Rob Parsons

Fruits of his labor

Ono Organic's Chuck Boerner feeds Maui

by Rob Parsons

September 25, 2008

Hawaiian Commercial & Sugar employees listen to testimony at a meeting of the Commission for Water Resource Management.

Boerner inherited a green thumb from
his grandfather, "Johnny Fruits."

Perched on the lush hillside of Kipahulu, the acres of orchards at Ono Organic Farms possess a Garden of Eden-like quality. Just beyond the tourist destination at the Oheo Gulch portion of Haleakala National Park, and hidden from the view of passers-by, tropical sunshine, rich volcanic soil and decades of dedication by the Boerner family have conspired to produce a huge bounty of tropical exotic fruits.

For years, I've peeled the small, oval "Ono Organic" sticker off store-bought papayas, avocados and bananas before enjoying them but had never traveled to their place of origin in East Maui. On a brilliant Sunday morning, Heather and I climbed up the steep driveway, past a packing shed with dozens of bunched bananas hanging to ripen. Two farm workers pointed us to the family home, around a bend bordered by coffee and papaya trees.

On an open lanai overlooking orchard treetops down to the ocean, Chuck and Lily Boerner sat with guests from Washington state, sipping homegrown coffee and sampling fruits from a huge cornucopia spread across a long wooden table. Amidst the abundant array, my gaze fell upon the crimson center of a just-sliced dragon fruit, one of many exotic specialties they grow.

Chuck, born and raised on Oahu, returned to Maui 33 years ago and has been farming ever since. It appears the Ono Farms story is one of hard work, an interest in healthful growing passed down from Boerner's grandfather and a love for the land and people of East Maui.

Boerner's father was an engineer for the underground storage tanks at Red Hill, which fueled the fleets at Pearl Harbor. A few days after Chuck was born in 1945, his grandfather, who had recently adopted a "health kick" of fasting and healthy eating, set out to look for land where he could grow his own food.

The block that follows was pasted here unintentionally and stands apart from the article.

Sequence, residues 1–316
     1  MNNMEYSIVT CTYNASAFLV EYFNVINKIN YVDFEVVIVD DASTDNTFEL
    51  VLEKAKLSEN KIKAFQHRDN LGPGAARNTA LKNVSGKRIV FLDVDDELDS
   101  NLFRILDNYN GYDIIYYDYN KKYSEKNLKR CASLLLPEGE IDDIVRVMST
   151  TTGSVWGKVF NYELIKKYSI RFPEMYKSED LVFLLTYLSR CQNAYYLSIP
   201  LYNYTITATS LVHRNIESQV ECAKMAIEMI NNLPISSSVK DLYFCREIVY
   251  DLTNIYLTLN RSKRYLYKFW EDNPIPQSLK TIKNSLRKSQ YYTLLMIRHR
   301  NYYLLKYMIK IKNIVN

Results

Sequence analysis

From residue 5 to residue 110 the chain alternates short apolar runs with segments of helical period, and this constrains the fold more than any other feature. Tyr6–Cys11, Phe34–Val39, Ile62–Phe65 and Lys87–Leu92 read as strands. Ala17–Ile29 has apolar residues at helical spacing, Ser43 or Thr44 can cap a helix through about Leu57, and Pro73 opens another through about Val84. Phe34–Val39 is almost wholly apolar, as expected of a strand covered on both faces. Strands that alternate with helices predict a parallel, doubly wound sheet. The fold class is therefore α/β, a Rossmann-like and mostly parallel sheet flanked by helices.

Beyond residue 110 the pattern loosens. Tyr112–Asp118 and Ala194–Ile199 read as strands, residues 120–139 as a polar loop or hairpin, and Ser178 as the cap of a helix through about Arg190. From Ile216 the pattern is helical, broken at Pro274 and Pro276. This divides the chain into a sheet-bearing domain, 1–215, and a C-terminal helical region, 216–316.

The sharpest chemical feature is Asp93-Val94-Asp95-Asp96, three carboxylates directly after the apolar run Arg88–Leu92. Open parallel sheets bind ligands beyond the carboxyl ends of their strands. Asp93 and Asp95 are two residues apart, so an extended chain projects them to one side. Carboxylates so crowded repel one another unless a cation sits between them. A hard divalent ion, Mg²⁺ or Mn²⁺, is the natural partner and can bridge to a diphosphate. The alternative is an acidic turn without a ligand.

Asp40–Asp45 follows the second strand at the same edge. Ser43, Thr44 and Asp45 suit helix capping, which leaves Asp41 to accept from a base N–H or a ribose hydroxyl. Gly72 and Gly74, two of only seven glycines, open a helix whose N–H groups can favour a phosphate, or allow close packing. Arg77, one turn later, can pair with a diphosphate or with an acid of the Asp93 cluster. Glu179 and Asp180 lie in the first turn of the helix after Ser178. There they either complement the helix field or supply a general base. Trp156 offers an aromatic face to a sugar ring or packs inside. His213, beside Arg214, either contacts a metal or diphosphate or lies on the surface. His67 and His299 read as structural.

Standing in line at the Honolulu airport for a flight to the "Garden Island" of Kauai, he was told that he was actually in line for a plane heading to Maui. What the heck, he thought, let's give Maui a try. Days later, he purchased some land in the Makalae area of Hana, near Waioka (commonly referred to as Venus Pools).

During his childhood, Boerner often traveled to Maui to spend time with his grandfather. "I grew up hanging out at Hamoa Beach, and surfing with Eddie Pu," Boerner said with a smile.

Lily walked into their home and returned with a sepia-toned photograph of 5-year old Chuck tugging a toy wheelbarrow behind him as he followed his grandfather through their banana patch. In those days, his granddad sold fruits, veggies and eggs, "For a dollar a dozen-but you'd always get a couple avocadoes or a bunch of bananas with it, too," said Boerner.

Lily said she undertook a project where she asked many of the East Maui elders to share memories of life growing up in Hana. "They called his granddad, `Johnny Fruits,'" said Lily. "And they called his wife, `Nina the Kind One,' and said she'd make delicious baked goods to share when they invited friends for tea or just to visit."

After high school, Boerner headed off to Union College in Schenectady, New York, where he emerged with a degree in civil engineering and a minor in economics. He then set out on what turned out to be a five-year trip around the world. He visited Madagascar and India and surfed in Mauritius and Sri Lanka. He also journeyed to Nepal and Afganistan.

Boerner spent a full year in Africa, where he helped lead a project of engineering a new harbor in Mombasa. When he returned to Hawaii, in 1975, he purchased nine acres in the Kipahulu area where he now resides. He vowed he'd try his hand at farming before he had to go back to Oahu and land an engineering job.

Boerner has been farming ever since.

Chuck and Lily have raised two sons, Pueo and Kali, and a daughter, Lilia. All take an active role in the family farm. Two workers from the Philippines, part of a World Wide Farmer's Exchange program they've used for over the past fifteen years, round out the farm crew.

Some time ago, by cashing out a family parcel on north shore, Oahu, they were able to acquire an adjacent parcel stretching farther up the green Kipahulu hills. They now actively manage some fifty acres of orchards and lease out pasture land, but with covenants against using chemicals.